A similar phenomenon is happening as of this writing in the 2016 United States presidential election. A study from 2015 from the Journal of Political Marketing analyzed how a presidential candidate’s “language intensity” affected college students’ ratings of their credibility. The study found that “language levels alter political realities when nouns, verbs, and adjectives are tweaked to different degrees of moderation or extremity. Dimensions of credibility, for example, are affected by the candidate’s rhetoric, and vice versa” (Clementson 1). Students were more likely to find a candidate credible if their language were less intense. A “gentler tone” made students more likely to accept the speaker’s’ statements as fact and rated them higher on “character.” However, despite the higher credibility, this type of discourse is less likely to call listeners to action than more grandiose statements, such as the famous quotes “We have nothing to fear but fear itself!”; “Ask not what your country can do for you …”; “Mr. Gorbachev, tear down this wall!” (Clementson 3). The article goes on to give its readers instruction on how to mix the low and high-intensity language in their own speech to best appeal to voters.
Periodicals like the one from 2010 appear consistently during American presidential elections. In October 2015, the Boston Globe reviewed the language used by nineteen presidential candidates using the Flesch-Kincaid readability test, a test that is full of linguistic biases in its own right. Their (possibly specious) finding that Republican presidential candidate Donald Trump spoke at what they deemed to be a “4th-grade level” was then commented on by multiple news outlets including Esquire, Salon, Newsweek, Politico, and Wired as well as being fodder for late-night talk show hosts. The finding was widely used to suggest that the candidate was actively trying to appeal to uneducated voters, with one article even beginning the the words “Donald Trump isn’t a simpleton, he just talks like one” and that his language is “grating… on the ears of the educated class” (Schafer). By directly relating education and class, the writer exemplifies the way pundits latch on to language as a way of drawing socioeconomic lines regardless of whether their intentions are to demonize either what they consider to be elitism or lack of education. However, these sources at least make plain their intentions of using language as a rubric to disparage their political targets. Others, however, are completely unaware of the damage they can cause.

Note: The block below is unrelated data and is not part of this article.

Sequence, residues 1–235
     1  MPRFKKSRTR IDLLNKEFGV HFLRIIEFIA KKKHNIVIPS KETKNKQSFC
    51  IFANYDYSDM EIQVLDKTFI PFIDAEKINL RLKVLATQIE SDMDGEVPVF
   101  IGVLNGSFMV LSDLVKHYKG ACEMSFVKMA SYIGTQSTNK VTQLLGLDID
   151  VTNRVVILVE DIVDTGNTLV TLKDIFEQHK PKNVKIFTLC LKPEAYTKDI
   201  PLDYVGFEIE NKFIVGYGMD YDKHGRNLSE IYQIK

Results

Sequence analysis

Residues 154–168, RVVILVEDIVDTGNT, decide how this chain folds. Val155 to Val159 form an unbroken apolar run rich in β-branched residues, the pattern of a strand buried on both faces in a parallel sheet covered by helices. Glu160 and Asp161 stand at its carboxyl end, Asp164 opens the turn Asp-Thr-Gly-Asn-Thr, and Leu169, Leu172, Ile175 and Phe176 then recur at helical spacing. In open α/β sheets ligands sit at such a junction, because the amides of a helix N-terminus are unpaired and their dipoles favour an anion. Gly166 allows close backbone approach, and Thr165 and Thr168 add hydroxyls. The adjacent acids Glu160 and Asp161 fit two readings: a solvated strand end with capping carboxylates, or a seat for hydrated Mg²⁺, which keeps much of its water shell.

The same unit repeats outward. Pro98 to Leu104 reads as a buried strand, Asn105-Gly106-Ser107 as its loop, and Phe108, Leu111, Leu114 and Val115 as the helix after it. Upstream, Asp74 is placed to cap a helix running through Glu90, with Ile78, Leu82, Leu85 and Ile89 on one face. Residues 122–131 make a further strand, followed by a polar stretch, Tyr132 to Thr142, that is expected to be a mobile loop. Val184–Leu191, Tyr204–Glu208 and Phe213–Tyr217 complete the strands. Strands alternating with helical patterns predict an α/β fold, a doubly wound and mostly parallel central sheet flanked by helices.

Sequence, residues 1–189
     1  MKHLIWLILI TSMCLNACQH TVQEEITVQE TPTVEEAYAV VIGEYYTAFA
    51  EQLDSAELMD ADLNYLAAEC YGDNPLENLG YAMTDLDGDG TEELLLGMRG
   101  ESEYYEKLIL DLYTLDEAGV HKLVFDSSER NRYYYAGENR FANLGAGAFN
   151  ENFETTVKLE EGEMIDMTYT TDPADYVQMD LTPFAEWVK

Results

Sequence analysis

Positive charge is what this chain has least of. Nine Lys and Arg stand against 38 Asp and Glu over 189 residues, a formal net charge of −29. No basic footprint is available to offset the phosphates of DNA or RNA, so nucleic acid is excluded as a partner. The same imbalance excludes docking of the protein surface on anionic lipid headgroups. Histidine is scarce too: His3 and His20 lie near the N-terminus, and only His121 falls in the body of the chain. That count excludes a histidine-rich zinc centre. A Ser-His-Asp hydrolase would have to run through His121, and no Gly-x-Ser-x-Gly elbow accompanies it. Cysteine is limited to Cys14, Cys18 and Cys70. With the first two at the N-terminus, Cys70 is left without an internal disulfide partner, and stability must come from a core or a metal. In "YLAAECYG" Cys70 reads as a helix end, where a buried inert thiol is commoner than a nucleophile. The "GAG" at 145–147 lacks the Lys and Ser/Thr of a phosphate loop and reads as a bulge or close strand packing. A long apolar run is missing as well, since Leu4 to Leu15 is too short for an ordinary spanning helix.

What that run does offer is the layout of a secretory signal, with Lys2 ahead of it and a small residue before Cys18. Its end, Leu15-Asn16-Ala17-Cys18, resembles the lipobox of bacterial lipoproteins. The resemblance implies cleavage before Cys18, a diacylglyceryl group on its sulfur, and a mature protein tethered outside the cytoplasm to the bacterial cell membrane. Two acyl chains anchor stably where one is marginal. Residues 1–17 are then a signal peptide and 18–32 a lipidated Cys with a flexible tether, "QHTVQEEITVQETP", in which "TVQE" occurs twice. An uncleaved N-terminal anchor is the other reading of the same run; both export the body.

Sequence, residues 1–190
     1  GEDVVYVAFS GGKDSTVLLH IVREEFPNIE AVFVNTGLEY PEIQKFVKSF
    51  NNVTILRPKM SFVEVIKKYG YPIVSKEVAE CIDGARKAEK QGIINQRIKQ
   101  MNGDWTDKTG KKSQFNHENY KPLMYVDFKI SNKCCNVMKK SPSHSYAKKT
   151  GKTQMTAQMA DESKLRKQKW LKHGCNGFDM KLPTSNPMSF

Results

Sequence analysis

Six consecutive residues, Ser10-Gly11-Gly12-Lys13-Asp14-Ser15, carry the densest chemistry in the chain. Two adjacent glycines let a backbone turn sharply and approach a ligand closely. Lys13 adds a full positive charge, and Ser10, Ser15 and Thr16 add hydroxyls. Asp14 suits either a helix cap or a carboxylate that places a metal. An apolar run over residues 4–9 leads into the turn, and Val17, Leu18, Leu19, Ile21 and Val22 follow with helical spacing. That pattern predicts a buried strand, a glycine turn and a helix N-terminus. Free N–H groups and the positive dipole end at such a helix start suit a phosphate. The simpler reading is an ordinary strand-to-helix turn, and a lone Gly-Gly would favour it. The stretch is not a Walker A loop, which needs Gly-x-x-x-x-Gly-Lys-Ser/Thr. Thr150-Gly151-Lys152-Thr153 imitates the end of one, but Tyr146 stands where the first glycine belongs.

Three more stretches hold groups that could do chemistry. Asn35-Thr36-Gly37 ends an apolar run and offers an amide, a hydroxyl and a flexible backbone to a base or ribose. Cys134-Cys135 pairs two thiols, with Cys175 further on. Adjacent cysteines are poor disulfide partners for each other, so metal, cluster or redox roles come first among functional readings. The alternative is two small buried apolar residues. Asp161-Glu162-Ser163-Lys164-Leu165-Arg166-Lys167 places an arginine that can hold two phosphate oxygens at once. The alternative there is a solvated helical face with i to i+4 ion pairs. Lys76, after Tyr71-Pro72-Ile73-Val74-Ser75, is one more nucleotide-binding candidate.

A relevant modern example is the attitudes towards Black vernacular English in the United States, a well-researched topic that has an important place in the history of American sociolinguistics (Myhill 27). In her article “Teacher Attitude Toward Black English and its Impact on Reading Achievement,” Evelyn Roshonn Lawson found that while teachers themselves had “positive perceptions toward students who use Black English in the classroom” and that these teachers’ attitudes did not have a statistically significant impact on reading achievement, there was still a widely held belief by the teachers that “students who speak Black English would face future problems in job and educational accomplishment as well as social issues because of their limited communication skills” (Lawson v). Some of the problems the teachers listed were facing career ceilings and difficulty writing college entrance exams, which shows the bias towards standard English commonly held in standardized tests. The teachers also listed social problems they felt students would face. The teachers reported that students are labeled “ignorant, illiterate, and uneducated” because of their dialect (58). The article goes on to describe teaching strategies to help “bridge the gap” between the black vernacular English and the school’s “accepted language.” While teaching this way is pragmatic and will help the students succeed in a society that dismisses their native dialect, it does nothing to improve the larger racial issues that necessitate this prescriptivism. In the introduction to his book Beyond Ebonics, John Baugh writes that “it would be myopic and wrongheaded to pursue educational reforms for African American students in a social vacuum” and that a broader approach must be taken to “increase linguistic tolerance among all Americans” (Baugh 3). While the students themselves will benefit personally by being taught standard English, doing so in order to appear more formal, professional, or correct is only perpetuating the idea that nonstandard American dialects, particularly those associated with racial minorities, are somehow inferior to standard American English. By teaching standard English as correct, it is natural that students across the United States would look down on nonstandard dialects regardless of their own speech. Without proper instruction regarding the history of English, it is inevitable that students will naturalize standard English without understanding the social and racial ramifications of doing so while simultaneously not even being aware that an alternative exists, as is the case with Chaucer.